The story of the dramatic postwar struggle over the proper role of citizens and government in American society.
In the 1960s and 1970s, an insurgent attack on traditional liberalism took shape in America. It was built on new ideals of citizen advocacy and the public interest. Environmentalists, social critics, and consumer advocates like Rachel Carson, Jane Jacobs, and Ralph Nader crusaded against what they saw as a misguided and often corrupt government. Drawing energy from civil rights protests and opposition to the Vietnam War, the new citizens’ movement drew legions of followers and scored major victories. Citizen advocates disrupted government plans for urban highways and new hydroelectric dams and got Congress to pass tough legislation to protect clean air and clean water. They helped lead a revolution in safety that forced companies and governments to better protect consumers and workers from dangerous products and hazardous work conditions.
And yet, in the process, citizen advocates also helped to undermine big government liberalism―the powerful alliance between government, business, and labor that dominated the United States politically in the decades following the New Deal and World War II. Public interest advocates exposed that alliance’s secret bargains and unintended consequences. They showed how government power often was used to advance private interests rather than restrain them. In the process of attacking government for its failings and its dangers, the public interest movement struggled to replace traditional liberalism with a new approach to governing. The citizen critique of government power instead helped clear the way for their antagonists: Reagan-era conservatives seeking to slash regulations and enrich corporations.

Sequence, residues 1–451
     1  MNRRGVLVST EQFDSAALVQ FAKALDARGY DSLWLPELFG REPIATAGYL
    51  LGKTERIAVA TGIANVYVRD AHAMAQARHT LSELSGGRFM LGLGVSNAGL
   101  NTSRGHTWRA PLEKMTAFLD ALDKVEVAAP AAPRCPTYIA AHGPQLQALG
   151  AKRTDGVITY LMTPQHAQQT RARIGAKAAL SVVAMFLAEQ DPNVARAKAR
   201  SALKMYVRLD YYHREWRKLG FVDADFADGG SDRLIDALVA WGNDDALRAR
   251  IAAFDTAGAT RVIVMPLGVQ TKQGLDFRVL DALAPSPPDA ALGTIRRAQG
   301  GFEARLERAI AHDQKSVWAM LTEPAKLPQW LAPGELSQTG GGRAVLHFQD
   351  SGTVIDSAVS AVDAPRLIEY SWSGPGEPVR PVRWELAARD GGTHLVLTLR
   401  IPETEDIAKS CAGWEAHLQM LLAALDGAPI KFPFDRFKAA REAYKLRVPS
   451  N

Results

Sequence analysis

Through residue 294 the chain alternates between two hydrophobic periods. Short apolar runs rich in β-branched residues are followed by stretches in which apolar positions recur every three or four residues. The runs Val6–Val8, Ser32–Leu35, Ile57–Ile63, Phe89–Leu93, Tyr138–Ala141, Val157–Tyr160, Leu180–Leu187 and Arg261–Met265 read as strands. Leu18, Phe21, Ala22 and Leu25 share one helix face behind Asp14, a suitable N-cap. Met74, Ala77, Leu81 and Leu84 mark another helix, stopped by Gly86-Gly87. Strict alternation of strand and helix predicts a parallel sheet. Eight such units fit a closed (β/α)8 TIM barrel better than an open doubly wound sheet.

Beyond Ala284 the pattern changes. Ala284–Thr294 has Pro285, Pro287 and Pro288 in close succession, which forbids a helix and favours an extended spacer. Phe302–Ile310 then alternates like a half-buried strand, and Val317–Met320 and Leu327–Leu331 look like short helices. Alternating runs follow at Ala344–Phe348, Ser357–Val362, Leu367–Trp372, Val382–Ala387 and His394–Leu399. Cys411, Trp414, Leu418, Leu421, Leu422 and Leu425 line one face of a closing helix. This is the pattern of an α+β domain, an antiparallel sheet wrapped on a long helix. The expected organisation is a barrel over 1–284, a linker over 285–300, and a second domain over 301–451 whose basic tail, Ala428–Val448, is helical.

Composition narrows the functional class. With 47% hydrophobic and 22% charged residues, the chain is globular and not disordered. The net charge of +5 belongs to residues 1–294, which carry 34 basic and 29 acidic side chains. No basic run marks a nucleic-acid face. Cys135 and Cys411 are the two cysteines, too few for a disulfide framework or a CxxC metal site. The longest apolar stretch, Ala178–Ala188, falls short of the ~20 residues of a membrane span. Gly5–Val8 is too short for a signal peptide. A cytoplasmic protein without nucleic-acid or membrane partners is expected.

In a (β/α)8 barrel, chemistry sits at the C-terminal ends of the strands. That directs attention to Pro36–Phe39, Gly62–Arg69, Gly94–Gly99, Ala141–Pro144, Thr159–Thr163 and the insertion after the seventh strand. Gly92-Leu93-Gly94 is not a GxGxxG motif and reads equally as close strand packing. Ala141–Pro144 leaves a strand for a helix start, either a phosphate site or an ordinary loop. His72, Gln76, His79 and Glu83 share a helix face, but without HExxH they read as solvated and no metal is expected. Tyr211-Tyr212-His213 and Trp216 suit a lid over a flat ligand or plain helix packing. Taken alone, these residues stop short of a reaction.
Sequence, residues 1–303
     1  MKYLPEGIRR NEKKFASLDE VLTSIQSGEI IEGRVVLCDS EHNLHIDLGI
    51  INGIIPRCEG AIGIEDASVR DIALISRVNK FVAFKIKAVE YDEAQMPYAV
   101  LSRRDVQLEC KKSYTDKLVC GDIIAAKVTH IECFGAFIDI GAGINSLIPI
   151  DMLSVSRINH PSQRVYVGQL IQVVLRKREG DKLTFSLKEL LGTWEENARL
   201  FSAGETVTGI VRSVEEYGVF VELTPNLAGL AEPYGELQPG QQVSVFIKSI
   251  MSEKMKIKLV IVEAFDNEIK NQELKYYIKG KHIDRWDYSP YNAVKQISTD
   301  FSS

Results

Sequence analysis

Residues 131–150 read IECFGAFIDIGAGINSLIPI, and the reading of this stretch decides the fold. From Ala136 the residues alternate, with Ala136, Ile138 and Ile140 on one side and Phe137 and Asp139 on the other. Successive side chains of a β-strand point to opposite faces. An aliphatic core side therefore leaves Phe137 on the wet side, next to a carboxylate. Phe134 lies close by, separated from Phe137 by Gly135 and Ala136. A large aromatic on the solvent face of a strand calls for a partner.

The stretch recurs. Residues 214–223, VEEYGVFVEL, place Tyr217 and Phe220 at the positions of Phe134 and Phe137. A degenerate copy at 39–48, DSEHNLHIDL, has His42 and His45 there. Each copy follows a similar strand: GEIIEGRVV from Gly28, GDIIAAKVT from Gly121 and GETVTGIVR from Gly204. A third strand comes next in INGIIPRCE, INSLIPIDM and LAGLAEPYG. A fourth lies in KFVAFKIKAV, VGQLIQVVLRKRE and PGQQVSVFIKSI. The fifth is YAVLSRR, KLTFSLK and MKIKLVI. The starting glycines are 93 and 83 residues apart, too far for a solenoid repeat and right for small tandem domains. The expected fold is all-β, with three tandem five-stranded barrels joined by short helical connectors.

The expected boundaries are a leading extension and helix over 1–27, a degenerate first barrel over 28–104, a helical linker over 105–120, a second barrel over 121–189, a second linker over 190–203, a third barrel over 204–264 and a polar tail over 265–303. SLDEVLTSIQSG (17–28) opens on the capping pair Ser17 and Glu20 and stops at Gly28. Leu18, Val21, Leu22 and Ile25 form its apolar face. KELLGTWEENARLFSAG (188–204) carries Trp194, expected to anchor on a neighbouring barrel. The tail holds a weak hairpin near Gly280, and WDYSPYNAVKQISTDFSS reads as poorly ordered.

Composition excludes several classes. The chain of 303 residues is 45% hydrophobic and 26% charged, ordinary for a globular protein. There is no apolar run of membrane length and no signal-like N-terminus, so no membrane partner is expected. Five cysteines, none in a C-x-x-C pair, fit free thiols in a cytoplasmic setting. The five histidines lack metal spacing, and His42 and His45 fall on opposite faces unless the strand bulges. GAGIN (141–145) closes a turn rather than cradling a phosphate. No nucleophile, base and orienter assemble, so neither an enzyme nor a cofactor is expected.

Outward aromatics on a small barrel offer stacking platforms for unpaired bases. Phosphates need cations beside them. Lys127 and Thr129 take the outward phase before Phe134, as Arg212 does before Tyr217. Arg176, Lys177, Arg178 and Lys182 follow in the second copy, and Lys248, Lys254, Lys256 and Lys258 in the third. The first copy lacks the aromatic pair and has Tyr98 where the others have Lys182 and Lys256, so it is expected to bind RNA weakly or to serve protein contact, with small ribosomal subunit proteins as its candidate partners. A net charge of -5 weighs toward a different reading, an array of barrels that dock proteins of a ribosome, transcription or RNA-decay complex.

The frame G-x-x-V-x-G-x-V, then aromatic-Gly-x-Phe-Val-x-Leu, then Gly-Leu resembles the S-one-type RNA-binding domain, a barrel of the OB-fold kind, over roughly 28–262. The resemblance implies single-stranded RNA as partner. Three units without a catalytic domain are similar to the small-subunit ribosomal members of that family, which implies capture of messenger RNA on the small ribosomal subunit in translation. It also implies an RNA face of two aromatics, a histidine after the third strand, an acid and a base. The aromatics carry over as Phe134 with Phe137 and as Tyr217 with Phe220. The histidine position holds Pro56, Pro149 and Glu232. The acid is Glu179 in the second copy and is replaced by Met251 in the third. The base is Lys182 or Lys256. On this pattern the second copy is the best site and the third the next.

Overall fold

Public Citizens traces the history of the public interest movement and explores its tangled legacy, showing the ways in which American liberalism has been at war with itself. The book forces us to reckon with the challenges of regaining our faith in government’s ability to advance the common good.